Using objective fiber property measurements at alternative processing stages to predict yarn quality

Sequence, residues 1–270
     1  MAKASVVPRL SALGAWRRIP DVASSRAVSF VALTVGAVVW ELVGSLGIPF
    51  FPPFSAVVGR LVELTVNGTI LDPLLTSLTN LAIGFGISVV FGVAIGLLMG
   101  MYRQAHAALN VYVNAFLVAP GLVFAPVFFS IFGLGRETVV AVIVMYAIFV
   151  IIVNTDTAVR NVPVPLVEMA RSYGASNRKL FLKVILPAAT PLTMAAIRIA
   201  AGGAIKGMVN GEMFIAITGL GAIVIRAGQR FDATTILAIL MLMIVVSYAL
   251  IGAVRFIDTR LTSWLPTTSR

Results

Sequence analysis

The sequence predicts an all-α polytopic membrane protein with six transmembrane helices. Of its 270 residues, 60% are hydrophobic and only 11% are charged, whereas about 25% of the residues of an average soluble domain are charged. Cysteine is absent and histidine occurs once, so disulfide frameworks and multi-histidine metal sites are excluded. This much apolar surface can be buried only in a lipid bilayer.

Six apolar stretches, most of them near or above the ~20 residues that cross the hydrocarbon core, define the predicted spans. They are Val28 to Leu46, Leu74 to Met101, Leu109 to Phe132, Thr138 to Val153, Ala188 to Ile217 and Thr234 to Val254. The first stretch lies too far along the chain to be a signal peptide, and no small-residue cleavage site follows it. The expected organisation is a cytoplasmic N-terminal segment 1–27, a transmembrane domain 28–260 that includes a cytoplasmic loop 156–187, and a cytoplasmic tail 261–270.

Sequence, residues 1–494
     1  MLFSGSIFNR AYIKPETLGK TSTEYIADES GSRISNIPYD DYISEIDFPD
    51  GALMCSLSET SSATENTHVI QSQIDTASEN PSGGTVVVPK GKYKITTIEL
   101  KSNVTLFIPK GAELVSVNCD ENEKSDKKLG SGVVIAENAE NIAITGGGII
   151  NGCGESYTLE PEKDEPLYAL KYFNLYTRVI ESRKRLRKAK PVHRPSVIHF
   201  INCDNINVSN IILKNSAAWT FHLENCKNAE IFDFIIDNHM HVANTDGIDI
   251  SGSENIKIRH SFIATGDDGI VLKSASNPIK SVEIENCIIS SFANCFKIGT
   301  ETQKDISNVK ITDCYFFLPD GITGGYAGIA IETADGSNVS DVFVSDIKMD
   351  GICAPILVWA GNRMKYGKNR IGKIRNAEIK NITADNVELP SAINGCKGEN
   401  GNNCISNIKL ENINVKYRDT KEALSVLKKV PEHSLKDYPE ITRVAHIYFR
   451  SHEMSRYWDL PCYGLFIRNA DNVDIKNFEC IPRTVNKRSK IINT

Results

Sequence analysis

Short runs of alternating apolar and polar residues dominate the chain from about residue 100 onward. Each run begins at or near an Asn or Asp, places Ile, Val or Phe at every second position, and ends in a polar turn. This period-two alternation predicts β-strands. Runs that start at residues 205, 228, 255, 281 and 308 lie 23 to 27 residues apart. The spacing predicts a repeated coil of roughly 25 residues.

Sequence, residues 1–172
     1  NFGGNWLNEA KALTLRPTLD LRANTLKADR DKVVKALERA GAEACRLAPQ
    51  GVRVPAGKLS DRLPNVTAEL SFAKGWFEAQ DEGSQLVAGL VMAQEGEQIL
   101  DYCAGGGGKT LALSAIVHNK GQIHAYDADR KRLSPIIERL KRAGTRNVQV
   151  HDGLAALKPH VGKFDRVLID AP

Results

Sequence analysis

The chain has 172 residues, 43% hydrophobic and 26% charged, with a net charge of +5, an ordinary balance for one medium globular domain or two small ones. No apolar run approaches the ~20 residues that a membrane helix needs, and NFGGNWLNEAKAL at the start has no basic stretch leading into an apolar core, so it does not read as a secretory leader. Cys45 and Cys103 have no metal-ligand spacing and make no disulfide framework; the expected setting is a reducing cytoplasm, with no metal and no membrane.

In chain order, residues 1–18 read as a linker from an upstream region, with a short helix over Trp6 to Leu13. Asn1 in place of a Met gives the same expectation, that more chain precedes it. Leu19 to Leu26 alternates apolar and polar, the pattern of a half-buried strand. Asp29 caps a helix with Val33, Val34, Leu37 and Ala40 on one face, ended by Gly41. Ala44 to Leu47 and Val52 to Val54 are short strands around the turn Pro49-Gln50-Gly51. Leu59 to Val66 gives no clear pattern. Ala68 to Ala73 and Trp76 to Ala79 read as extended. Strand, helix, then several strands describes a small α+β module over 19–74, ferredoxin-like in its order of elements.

AbstractThe use of fiber property measurements in statistically based quality control programs for yarn manufacturing has become common during the past fifteen years. Movement of this approach into the management mainstream has been based largely on the availability of high volume instrument (HVI) data, which was designed and primarily used for raw cotton; i.e., ginned and baled cotton lint. Since HVI measurements are based on bundles of fibers, they are sensitive to sample preparation and technique. Therefore, using HVI measurements at any stage beyond the raw fiber state raises questions of measurement errors and the relative utility of the measurements [Duckett, et. al. 1993; Fryer and Rust 1996; Fryer, et. al. 1994; Lord and Rust 1994; Suh, et. al. 1993]. The development of the Advanced Fiber Information System (AFIS) provided the first commercial capability to focus automated measurements on individual fibers. This focus brought with it a greatly enhanced capability to get comparable measurements on raw versus partially processed fibers. Indeed, current uses of AFIS generally involve monitoring the effectiveness of the processing machinery and impacts on the fibers up through the finisher drawing [Oxenham, et. al. 1995]. Under controlled conditions within the spinning laboratories of the International Textile Center (ITC), the usefulness of alternative fiber property measurements at different stages may be authoritatively examined. The information obtained will enable progress toward (1) understanding the sampling and measurement effects on fiber property data and (2) improving the application of fiber property data to quality control management. Results reported here come from 156 samples of cotton from all over the world; 106 of the samples are from Upland cotton varieties and 50 samples are from extra long staple (ELS) cotton varieties. Since the research encompasses both Upland and ELS cottons, results were obtained for: (1) carded Upland and ELS cottons that were ring spun into Ne 36 yarns, (2) combed ELS cottons that were ring spun into Ne 50 and Ne 80 yarns,(3) carded Upland cottons that were ring spun into Ne 24 yarns, (4) carded Upland cottons that were rotor spun into Ne 18 and Ne 36 yarns, and (5) carded ELS cottons that were rotor spun into Ne 36 yarns. This report deals only with results for Upland and ELS cottons combined. Therefore, results are limited to the first category given above; i.e., carded cotton spun on the ring system to make Ne 36 yarns. This approach maximizes the range of data collected on objective fiber properties, which strengthens the statistical basis for drawing conclusions about the influence of these properties on spinning performance and yarn quality. Results specific to ELS cottons have previously been reported [Ethridge and Zhu, 1997; Zhu and Ethridge, 1997]. The research for these previous reports, as for this one, has been funded by an Advanced Technology Program project administered by the Texas Higher Education Coordinating Board.